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Chemicals Banned Decades Ago Discovered In Dead Illinois River Otters

October 16, 2013
Image Caption: A new study found that river otters in Illinois are being exposed to dieldrin, DDE (a byproduct of DDT), PCBs and other chemicals banned decades ago. Credit: Ivan Georgiev Petrov

redOrbit Staff & Wire Reports – Your Universe Online

North American river otters in central Illinois are being exposed to chemical substances that had been banned for use in the US at least three decades ago, according to research published in the latest edition of the journal Ecotoxicology and Environmental Safety.

Between 2009 and 2011, the Illinois Department of Natural Resources collected 23 river otter carcasses after the creatures had been accidentally killed. Their bodies were analyzed by experts at the Illinois Natural History Survey (INHS) and autopsies were performed by members of the University of Illinois Veterinary Diagnostic Laboratory.

Wildlife technical assistant Samantha Carpenter and wildlife veterinary epidemiologist Nohra Mateus-Pinilla of the INHS, as well as Jan Novakofski, an animal sciences professor at the university, looked at the liver concentration of 20 organohalogenated contaminates (OHC) that had been used by agricultural and industrial workers – all but one of which were banned in the 1970s and 1980s.

The toxicology tests revealed that the otters were being exposed to both polychlorinated biphenyls (PCBs) and banned pesticides. In fact, the authors found that the average concentration of the compound dieldrin – an insecticide and the byproduct of the pesticide aldrin – was higher than those found in eight river otters collected in Illinois in both 1984 and 1989. The substance has been banned since 1987, the researchers said.

In addition, the researchers found that liver concentrations of PCBs, which had been used as coolants and insulators in motors and electrical systems before being banned in 1979, and DDE — a byproduct of the prohibited pesticide DDT — which has not been used in the US since the early 1970s, were similar to those in the earlier analysis. PCBs were found to be potentially carcinogenic to humans, and DDT/DDE were found to contribute eggshell thinning in some species of birds, and are toxic to fish and other forms of marine life.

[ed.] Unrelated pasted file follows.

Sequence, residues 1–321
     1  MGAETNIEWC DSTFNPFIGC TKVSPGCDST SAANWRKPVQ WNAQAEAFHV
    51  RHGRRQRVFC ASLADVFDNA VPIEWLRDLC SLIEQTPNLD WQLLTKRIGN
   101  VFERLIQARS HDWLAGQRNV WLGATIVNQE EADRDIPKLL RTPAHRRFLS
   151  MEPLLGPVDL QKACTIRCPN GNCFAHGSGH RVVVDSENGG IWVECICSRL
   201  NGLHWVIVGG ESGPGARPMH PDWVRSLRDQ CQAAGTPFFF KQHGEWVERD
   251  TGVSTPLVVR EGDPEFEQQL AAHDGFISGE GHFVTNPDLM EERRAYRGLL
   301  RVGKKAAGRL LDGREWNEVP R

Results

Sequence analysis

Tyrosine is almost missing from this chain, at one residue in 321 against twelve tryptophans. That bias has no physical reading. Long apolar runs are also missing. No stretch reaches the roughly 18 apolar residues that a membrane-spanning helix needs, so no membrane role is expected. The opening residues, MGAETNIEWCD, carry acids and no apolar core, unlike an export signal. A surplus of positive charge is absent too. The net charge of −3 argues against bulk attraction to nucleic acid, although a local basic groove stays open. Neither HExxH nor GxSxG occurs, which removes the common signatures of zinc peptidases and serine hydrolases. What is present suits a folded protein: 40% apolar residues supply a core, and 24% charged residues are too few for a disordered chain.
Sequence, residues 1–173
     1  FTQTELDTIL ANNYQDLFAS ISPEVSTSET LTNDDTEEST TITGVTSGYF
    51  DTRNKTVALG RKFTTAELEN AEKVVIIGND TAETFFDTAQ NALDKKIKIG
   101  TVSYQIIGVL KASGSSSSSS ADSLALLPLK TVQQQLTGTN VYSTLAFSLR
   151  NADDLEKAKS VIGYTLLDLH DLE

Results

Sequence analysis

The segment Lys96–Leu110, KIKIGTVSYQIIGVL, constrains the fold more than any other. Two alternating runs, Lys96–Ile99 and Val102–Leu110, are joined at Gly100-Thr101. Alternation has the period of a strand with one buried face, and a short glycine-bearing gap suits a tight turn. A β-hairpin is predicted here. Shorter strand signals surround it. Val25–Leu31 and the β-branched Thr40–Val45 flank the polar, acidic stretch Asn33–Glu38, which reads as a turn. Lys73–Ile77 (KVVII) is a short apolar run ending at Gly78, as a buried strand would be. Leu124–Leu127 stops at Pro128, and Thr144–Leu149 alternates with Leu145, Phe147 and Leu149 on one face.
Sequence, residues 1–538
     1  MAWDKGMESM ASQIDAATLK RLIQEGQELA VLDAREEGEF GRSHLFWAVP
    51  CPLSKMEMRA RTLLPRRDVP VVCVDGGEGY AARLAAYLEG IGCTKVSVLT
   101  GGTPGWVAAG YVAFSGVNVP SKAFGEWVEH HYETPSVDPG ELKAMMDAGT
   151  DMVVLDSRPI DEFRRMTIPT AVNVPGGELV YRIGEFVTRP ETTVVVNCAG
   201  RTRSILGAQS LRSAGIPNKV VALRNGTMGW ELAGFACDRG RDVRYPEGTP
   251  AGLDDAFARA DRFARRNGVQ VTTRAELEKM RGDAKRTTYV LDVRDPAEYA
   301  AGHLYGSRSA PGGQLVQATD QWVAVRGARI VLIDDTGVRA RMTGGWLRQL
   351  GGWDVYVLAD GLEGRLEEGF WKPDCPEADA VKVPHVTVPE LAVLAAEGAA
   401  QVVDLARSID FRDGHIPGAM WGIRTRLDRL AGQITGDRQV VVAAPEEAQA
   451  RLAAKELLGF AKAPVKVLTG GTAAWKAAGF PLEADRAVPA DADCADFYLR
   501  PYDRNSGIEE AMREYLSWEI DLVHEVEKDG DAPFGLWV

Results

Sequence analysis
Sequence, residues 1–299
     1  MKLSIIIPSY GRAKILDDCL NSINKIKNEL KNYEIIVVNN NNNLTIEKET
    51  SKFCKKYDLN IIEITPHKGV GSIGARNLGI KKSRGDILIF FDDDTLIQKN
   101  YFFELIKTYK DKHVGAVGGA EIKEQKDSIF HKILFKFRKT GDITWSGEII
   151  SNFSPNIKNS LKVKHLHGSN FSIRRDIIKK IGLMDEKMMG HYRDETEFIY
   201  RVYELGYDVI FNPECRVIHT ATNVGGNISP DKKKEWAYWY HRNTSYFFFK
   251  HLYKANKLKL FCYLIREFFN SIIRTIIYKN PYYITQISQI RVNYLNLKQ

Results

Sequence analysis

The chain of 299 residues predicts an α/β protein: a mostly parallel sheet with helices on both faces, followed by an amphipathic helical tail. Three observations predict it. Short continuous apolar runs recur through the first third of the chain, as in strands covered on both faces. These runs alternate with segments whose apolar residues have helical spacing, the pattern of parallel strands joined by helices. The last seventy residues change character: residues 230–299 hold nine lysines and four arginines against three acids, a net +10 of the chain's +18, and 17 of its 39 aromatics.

“The PCBs, dieldrin and DDE were the contaminants that we detected in highest concentration, in terms of average concentrations,” Carpenter said.

Dieldrin was banned in 1987, and had previously been used to kill crop pests, termites and mosquitoes – especially in the Midwest agricultural region. Before this compound was banned in 1987, it (and parent compound aldrin) were applied to over 15 million pounds of crops annually.

“Some studies (of dieldrin) exposure find links to cancer, Parkinson’s disease and Alzheimer’s and some do not,” the technical assistant added. “But perhaps most concerning is that both dieldrin and PCBs can act as developmental neurotoxicants, meaning that developing fetuses can be harmed at concentrations much smaller than those that can impact the health of adults.”

The concentrations of contaminants found in the river otters varied greatly, though the researchers said that male river otters typically had significantly higher PCB concentrations than their female counterparts. One male otter was found with 3,450 parts per billion (ppb) worth of PCBs in its liver, while another had just 30 ppb. Dieldrin concentrations ranged from 14.4 to 534 ppb.

“For many of the contaminants we did detect a large range. This is a red flag. We need to understand more about what humans and wildlife are being exposed to in different watersheds,” Carpenter said. “We don’t have a good understanding of how much time they spend in a particular area, how long they stay there, how far they go or where they spend most of their time during the winter versus the summer.”

“All of these can contribute to differences in exposure,” she added. “We don’t know enough about how these contaminants behave synergistically… [since] the cocktail of contaminants that we’re exposed to here in the Midwest differs from what humans and wildlife are exposed to in eastern or western North America.”


Source: redOrbit Staff & Wire Reports - Your Universe Online